Spotlight on the Theater
LGBT performers, directors, playwrights, and those in associated professions have had an enormous impact on the history of American theater and culture.
However, acceptance even in the theater world did not come without struggle; from 1927 to 1967, the New York Legislature-enacted Wales Padlock Law made it illegal for theaters to show plays that featured gay and lesbian characters (though some productions managed to get around this restriction).
This curated collection spotlights influential live theater venues from downtown Manhattan to Harlem as well as residences of theater notables. For Broadway venues, see our dedicated Broadway Theater District theme.
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Featured Historic Sites ( 21 )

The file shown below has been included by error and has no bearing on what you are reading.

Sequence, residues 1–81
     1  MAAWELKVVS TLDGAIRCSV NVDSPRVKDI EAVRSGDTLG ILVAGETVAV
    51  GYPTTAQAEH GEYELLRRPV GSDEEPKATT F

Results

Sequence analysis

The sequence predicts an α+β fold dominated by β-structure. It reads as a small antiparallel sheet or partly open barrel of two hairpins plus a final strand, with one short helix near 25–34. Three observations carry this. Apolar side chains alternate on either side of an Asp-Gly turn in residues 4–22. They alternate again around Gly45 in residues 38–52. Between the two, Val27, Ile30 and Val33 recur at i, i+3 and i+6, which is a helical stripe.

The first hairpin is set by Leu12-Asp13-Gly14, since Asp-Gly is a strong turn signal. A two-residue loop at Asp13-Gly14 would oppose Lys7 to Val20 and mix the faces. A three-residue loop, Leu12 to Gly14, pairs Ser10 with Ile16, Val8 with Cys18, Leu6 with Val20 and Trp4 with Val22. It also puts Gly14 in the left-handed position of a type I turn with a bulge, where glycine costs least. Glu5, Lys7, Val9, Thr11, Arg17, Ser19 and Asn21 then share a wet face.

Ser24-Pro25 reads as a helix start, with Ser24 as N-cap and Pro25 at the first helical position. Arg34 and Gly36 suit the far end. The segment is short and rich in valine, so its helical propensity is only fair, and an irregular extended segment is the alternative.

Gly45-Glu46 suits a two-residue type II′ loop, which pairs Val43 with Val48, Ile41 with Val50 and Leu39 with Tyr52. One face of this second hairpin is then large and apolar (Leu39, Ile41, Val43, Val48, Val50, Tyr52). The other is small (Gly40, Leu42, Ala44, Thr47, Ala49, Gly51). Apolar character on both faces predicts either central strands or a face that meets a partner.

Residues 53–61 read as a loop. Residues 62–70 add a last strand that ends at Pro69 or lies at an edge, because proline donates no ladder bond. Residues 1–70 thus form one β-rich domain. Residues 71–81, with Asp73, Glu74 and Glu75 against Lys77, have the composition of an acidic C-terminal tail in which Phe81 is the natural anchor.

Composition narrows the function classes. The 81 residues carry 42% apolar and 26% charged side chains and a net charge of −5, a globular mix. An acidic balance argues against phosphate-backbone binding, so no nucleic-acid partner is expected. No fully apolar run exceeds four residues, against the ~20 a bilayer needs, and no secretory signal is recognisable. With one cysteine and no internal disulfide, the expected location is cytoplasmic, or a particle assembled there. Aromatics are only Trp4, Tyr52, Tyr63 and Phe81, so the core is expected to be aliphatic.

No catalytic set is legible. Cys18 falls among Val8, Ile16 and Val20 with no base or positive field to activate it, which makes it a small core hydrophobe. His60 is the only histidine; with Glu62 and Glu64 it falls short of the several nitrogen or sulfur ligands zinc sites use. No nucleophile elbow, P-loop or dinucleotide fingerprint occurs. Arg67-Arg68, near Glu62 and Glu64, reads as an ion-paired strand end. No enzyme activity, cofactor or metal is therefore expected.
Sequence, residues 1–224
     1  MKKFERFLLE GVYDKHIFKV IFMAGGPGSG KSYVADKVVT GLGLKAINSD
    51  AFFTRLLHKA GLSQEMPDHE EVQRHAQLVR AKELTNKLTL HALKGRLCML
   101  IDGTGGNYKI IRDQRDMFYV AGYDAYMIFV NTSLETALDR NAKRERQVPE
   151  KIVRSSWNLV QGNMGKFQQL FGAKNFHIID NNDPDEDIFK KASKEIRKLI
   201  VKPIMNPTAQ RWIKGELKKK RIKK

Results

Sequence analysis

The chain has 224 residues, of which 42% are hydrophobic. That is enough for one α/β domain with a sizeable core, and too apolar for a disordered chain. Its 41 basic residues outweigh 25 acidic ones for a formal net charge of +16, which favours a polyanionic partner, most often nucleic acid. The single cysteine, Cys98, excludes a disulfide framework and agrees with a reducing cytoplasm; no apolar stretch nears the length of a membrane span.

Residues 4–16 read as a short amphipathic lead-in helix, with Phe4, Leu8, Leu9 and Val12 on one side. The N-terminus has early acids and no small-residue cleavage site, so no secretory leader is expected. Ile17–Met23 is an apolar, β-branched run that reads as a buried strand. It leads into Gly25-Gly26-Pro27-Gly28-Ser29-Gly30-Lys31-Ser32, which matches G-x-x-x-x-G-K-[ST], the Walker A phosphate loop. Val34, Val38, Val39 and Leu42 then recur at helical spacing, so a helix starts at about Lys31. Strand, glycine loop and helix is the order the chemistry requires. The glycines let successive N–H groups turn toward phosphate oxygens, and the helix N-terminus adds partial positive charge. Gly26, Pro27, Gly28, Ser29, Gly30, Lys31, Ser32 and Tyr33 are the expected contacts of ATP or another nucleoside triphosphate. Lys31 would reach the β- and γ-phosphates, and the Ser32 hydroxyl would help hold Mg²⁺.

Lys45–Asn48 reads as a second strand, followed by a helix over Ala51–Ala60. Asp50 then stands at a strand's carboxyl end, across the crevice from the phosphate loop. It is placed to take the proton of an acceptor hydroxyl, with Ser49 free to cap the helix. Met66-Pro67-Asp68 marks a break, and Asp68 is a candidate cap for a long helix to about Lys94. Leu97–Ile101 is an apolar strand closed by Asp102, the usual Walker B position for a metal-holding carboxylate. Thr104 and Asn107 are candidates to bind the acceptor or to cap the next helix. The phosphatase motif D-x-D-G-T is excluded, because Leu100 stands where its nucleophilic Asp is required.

Edna Thomas, one of the earliest Black actors of the New York stage, came to prominence during the Harlem Renaissance and was pivotal in the development of serious African American... Learn More
This 1831 house had a significant and colorful Off-Off-Broadway theatrical history from 1955 to 1967, reflecting its location on St. Mark’s Place during the cultural ascendancy of the East Village.... Learn More
The Louis N. Jaffe Art Theater, a former Yiddish theater, was the location of the Mafia-controlled Club 181 (1945-51), known for its lavish shows of “female impersonators” (a term used... Learn More
“First Lady of the Theater” Katharine Cornell and her husband, director-producer Guthrie McClintic, lived here from 1922 to 1951. Architect Paul Rudolph began renting here in 1961 and later converted... Learn More